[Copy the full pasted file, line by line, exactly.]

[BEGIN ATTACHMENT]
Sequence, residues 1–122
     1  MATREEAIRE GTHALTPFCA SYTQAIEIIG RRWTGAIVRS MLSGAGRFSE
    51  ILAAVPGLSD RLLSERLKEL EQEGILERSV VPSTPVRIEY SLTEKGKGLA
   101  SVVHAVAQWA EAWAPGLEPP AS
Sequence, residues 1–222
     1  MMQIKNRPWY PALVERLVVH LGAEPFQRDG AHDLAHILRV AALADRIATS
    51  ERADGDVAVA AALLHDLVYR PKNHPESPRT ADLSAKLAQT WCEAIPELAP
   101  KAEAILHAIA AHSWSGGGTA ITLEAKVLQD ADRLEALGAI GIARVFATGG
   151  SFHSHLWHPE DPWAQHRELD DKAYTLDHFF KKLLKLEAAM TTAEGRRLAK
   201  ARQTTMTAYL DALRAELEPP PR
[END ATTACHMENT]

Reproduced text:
Sequence, residues 1–122
     1  MATREEAIRE GTHALTPFCA SYTQAIEIIG RRWTGAIVRS MLSGAGRFSE
    51  ILAAVPGLSD RLLSERLKEL EQEGILERSV VPSTPVRIEY SLTEKGKGLA
   101  SVVHAVAQWA EAWAPGLEPP AS
Sequence, residues 1–222
     1  MMQIKNRPWY PALVERLVVH LGAEPFQRDG AHDLAHILRV AALADRIATS
    51  ERADGDVAVA AALLHDLVYR PKNHPESPRT ADLSAKLAQT WCEAIPELAP
   101  KAEAILHAIA AHSWSGGGTA ITLEAKVLQD ADRLEALGAI GIARVFATGG
   151  SFHSHLWHPE DPWAQHRELD DKAYTLDHFF KKLLKLEAAM TTAEGRRLAK
   201  ARQTTMTAYL DALRAELEPP PR